There was no press conference on the steps of its headquarters, no webcast or even YouTube video for parties around the globe to view, or even a press release to commemorate the NRC’s recent closure of what must have been one of the most monumental nuclear safety problems in recorded history. Instead, this momentous occasion was meekly chronicled by a five-page internal memo.
Generic Issue (GI) 186, “Potential Risk and Consequences of Heavy Load Drops in Nuclear Power Plants,” was initiated by the NRC late last century, back in April 1999. The problem involved big and heavy things being carried over areas like spent fuel pools that might accidentally be dropped. For example, a loaded dry cask containing spent fuel weighs nearly 100 tons and can squash things like irradiated fuel assemblies or poke large holes in the floors of spent fuel pools to let the water drain away. The NRC initiated GI-186 to ensure this heavy load hazard would be properly managed.
Actually, GI-186 was the reincarnation of generic technical activity A-36, “Control of Heavy Loads Near Spent Fuel.” In November 1977, the NRC staff classified A-36 as being Category A, “judged by the staff to warrant priority attention in terms of manpower and/or funds to attain early resolution” because its resolution would “provide a significant increase in the assurance of the health and safety of the public.”
The NRC closed A-36 in July 1980 with the issuance of NUREG-0612, “Control of Heavy Loads at Nuclear Power Plants.” This lengthy NRC report did not require plant owners to take corrective measures of any kind, but it reminded them about the dangers of dropping 100-ton casks on spent fuel.
Following this, the NRC issued Generic Letter 80-113, “Control of Heavy Loads,” to plant owners on December 22, 1980, asking them to read part of NUREG-0612, if they hadn’t already done so, and respond within six months regarding their plans to address some of the report’s safety recommendations. For example, the report recommended safe load paths (i.e., moving heavy things along routes where they could be dropped without squashing anything too important), procedures for inspecting and testing cranes, training and qualification requirements for the people operating the cranes, and using lifting rigs that conform to American National Standards Institute specifications.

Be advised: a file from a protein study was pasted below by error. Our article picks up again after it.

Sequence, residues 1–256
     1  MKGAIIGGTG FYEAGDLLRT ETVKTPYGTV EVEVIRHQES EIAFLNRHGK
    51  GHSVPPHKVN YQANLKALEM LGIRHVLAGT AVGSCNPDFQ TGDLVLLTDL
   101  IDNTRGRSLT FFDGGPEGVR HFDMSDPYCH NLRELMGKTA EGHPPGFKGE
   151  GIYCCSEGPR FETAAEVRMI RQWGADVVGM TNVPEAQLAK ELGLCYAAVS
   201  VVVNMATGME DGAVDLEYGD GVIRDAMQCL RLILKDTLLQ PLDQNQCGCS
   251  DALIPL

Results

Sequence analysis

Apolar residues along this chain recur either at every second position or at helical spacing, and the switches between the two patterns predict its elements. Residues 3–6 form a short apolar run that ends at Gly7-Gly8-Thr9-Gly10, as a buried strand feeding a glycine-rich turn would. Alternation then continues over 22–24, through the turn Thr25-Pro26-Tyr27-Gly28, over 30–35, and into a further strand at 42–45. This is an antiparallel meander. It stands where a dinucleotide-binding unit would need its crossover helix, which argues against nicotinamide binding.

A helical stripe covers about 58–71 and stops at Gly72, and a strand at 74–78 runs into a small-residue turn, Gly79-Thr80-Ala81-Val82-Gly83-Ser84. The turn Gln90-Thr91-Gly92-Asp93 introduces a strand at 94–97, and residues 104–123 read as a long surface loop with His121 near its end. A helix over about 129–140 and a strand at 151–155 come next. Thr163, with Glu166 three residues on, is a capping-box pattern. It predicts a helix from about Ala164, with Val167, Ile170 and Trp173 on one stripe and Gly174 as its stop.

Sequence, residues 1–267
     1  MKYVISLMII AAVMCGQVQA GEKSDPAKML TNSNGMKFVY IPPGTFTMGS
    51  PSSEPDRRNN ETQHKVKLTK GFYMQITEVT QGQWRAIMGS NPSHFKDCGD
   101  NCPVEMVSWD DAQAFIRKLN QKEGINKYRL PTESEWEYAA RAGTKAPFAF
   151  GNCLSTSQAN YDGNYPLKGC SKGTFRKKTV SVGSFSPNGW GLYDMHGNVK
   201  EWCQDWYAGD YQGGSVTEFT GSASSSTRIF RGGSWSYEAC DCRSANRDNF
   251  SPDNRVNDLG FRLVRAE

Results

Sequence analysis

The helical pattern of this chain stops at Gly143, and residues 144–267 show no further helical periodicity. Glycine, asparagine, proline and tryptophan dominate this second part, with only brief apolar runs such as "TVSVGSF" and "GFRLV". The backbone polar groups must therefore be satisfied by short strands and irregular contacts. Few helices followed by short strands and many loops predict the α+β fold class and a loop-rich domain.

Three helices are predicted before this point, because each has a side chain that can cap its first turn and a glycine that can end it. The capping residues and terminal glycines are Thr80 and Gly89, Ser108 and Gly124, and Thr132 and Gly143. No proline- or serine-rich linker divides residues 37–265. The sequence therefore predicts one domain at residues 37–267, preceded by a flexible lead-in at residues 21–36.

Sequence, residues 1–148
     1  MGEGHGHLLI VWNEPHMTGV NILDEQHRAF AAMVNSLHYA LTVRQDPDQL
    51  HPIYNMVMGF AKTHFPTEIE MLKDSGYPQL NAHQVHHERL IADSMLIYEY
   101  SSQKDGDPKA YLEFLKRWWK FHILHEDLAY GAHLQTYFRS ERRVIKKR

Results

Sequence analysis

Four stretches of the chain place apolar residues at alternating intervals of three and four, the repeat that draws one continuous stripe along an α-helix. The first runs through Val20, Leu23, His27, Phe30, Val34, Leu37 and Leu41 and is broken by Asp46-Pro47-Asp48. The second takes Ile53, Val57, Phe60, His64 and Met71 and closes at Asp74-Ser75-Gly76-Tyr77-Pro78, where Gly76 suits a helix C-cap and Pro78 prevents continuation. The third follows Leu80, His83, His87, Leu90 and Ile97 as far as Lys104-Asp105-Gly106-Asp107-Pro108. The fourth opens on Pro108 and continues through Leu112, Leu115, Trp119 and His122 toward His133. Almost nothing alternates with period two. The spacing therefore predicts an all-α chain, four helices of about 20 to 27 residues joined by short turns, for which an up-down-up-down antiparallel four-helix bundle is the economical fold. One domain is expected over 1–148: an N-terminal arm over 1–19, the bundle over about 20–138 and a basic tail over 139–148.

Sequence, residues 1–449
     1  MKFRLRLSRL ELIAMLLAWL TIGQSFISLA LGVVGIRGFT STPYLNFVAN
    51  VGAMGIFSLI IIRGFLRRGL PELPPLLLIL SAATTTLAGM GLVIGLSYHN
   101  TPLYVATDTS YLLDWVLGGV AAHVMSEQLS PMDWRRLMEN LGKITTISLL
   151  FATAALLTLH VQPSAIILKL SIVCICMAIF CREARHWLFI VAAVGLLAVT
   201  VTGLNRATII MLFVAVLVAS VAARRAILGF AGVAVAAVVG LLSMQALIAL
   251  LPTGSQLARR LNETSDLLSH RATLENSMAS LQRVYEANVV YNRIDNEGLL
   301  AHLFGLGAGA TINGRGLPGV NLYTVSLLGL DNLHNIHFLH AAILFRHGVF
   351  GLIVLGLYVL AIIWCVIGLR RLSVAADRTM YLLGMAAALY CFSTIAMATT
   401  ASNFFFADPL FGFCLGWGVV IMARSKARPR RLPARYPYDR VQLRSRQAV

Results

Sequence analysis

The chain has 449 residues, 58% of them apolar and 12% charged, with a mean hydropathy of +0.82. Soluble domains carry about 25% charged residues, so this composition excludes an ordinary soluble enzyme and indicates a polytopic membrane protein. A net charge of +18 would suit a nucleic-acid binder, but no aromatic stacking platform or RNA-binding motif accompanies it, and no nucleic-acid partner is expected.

A month and a half later, the NRC issued Generic Letter 81-07, also titled “Control of Heavy Loads,” to plant owners on February 3, 1981, asking them to read the rest of NUREG-0612, if they hadn’t already done so, and respond within nine months regarding their plans to address the rest of the report’s safety recommendations. These included either electrical interlocks or mechanical stops to prevent cranes from dropping heavy loads, and the use of single-failure-proofs cranes (i.e., cranes where the single failure of a bolt or cable or control cannot result in a heavy load being dropped). The NRC did not require owners to implement any of the safety measures they identified during their reviews. But the NRC encouraged owners to implement them.